I'll admit it, I got a little carried away with the tomatoes but yum, yum, we love omelets. At least once every weekend we have them. They are an excellent way to start your day with all that protein and vegetables.
The first rule is to have all your ingredients ready before you turn on the pan because this will go fast. I mince my onions and bell peppers to save me from having to pre-cook them. Then the sausage or chopped bacon is chopped in larger pieces. The tomatoes I prefer smaller than this but I was in a hurry. It was 10:00 and we hadn't eaten yet and I was in the middle of chopping lots of vegetables for another project.
We put a variety of things in our omelets from Canadian bacon, bacon, ham, and sausage, you know one or a combination of all those pork meats. Then for vegetables, we add what ever is available in the refrigerator of zucchini, broccoli, tomatoes, bell pepper, onions minced. I think next time I'll even try some minced apple with a little mustard in the eggs for I'm becoming real fond of the Swedish pancake recipe. You can also add some spices beyond salt and pepper like chopped Cilantro or parsley. Some of you may shop to make an omelet but ours are determined by what's in the refrigerator at the time. Omelets are great for using up a little bit of this and that left overs.
What doesn't change in making our omelets is the technique.
1. We make a 2 egg omelet but you can make a 3 which will give you a thicker shell. We make 2 egg ones and lots and lots of filling. Place the eggs in a bowl, minus the shells of course, and add approximately a Tablespoon of water per 2 eggs. Then beat. Why approximately? Well, I just turn partially on and off the water tap in the kitchen real quick so the measurement isn't exactly real accurate. Except I do it the same each time. But just know that the more water, the more firm your shell will be until you reach that too much stage and then you just have a runny mess.
Water is a crucial ingredient. If you add water you get a firmer shell that holds together better when flipped. No, you don't need one of those fancy pans that flips the thing for you. They are a waste of money in my opinion. Get the right water/egg mixture and flipping isn't a problem in a good pan. Which leads me to my favorite.
2. Use a nice crepe pan. I make omelets, Swedish pancakes, and crepes in mine so it gets used on average a couple times a week. If Kirk didn't leave so early in the morning for work, it would get used more often than that.
My favorite omelet cookware is a blue steel pan by de Buyer. One of these days I'm buying more blue steel cookware because of the performance on this pan. I just checked the Internet for you and it sells for around $25.00. Some site a little more and some a little less, so not an expensive pan.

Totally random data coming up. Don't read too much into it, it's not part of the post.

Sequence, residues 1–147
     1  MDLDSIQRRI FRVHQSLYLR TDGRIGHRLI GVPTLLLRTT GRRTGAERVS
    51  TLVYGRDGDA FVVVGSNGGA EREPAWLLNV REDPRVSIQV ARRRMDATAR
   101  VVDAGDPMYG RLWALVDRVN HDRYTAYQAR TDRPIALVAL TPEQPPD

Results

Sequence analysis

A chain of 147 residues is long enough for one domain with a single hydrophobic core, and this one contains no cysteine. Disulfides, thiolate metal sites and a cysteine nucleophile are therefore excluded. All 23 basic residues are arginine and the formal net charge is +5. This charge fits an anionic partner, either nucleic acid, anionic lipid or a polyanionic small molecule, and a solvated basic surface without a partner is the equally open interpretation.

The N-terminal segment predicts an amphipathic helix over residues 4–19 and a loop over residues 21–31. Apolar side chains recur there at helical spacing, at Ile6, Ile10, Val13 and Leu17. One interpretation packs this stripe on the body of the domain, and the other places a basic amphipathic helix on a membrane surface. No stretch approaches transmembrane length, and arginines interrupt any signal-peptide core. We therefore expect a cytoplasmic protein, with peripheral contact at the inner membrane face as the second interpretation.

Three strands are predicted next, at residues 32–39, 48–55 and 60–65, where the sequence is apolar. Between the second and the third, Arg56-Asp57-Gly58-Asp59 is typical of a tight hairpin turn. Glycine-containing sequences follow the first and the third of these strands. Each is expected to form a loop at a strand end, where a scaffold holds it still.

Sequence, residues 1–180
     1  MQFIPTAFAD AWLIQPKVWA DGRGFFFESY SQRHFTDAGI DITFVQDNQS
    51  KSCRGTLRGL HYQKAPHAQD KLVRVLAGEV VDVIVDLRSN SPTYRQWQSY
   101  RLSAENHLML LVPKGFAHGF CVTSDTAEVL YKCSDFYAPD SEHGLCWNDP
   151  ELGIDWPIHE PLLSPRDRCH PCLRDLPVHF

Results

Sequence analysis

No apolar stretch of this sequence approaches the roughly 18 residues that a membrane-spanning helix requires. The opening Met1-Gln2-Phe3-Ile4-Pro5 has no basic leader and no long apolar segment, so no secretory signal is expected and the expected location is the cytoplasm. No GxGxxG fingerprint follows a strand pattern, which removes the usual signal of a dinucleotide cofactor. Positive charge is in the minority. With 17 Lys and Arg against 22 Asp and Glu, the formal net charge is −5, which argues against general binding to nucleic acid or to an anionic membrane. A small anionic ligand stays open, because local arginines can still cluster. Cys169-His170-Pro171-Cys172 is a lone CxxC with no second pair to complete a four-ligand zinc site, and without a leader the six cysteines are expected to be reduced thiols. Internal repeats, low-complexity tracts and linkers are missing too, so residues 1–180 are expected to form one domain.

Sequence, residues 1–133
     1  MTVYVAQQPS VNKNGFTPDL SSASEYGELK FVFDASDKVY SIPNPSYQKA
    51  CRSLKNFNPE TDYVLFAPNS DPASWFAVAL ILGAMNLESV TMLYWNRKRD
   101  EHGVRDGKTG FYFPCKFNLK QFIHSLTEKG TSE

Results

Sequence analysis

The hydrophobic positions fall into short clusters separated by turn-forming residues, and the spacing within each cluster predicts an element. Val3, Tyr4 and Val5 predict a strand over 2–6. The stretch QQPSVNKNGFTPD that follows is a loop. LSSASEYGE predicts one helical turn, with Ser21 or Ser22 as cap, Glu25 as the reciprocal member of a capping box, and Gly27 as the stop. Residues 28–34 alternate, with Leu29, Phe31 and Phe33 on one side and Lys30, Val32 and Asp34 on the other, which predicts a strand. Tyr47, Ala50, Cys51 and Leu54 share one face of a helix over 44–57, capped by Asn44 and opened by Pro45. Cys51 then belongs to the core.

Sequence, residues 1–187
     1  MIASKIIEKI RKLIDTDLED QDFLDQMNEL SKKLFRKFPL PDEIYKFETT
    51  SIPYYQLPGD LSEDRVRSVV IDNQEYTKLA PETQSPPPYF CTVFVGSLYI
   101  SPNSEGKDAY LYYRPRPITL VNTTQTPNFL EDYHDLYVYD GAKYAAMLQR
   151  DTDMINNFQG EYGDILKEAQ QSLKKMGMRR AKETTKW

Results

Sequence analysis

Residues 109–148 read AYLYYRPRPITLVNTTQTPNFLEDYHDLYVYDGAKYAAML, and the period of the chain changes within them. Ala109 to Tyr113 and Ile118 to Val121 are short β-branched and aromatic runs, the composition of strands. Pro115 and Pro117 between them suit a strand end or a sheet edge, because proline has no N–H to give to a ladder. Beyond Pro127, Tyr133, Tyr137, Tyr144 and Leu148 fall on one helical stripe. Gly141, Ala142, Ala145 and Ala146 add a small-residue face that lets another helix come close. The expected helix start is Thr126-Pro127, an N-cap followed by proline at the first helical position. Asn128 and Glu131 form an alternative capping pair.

This narrow spatula I've shown you is awesome too for going under the edges of your shell and loosening it for the flip over the other half stage.
But before you go putting your egg/water mixture in the pan, be sure and grease it and let it get hot. Then as you pour in the whipped mixture; oh yeah, did I tell you to whip the eggs and water together with a fork -- well, do; then pick up the handle and rotate the mixture evenly around the pan letting it creep way up the sides like you would a crepe.
This pan will help you get under your egg shell and reminds me a little of cast iron in how it works.
When the egg shell is nearly cooked, sprinkle your shredded cheese all around. Doing this first makes sure it is going to melt. We like to add a of cheeses determined by whatever is in the refrigerator. Feta, cheddar, smoked cheese, and Kirk likes Pepper Jack are all great cheeses to combine.
As for whether to lightly cook your vegetables first before adding. That's a taste issue. Sometimes we do and sometimes we don't. We like a light crunch to some of our veggies and so sometimes we stir fry part of them and part of them not, or not at all when in a hurry like on this day.
I add the meat next to the cheese so it gets warmed and then the veggies. I pre- cook all our bacon before hand and freeze it so I don't have to cook it before making the omelet.
Sprinkle salt and pepper on top or mix it in with the whipped eggs in the beginning is also your choice. I add mine on top because I like and need more salt than hubby.
Our all time favorite omelet has hash browns in the shell and I'll share my method another time. Just know it isn't store hash browns but good ole home-made so stay tuned. I'm also fiddling with home-made granola bars. Whether you use the thicker ones or the quick oat type is changing my outcome. Learning, learning every day.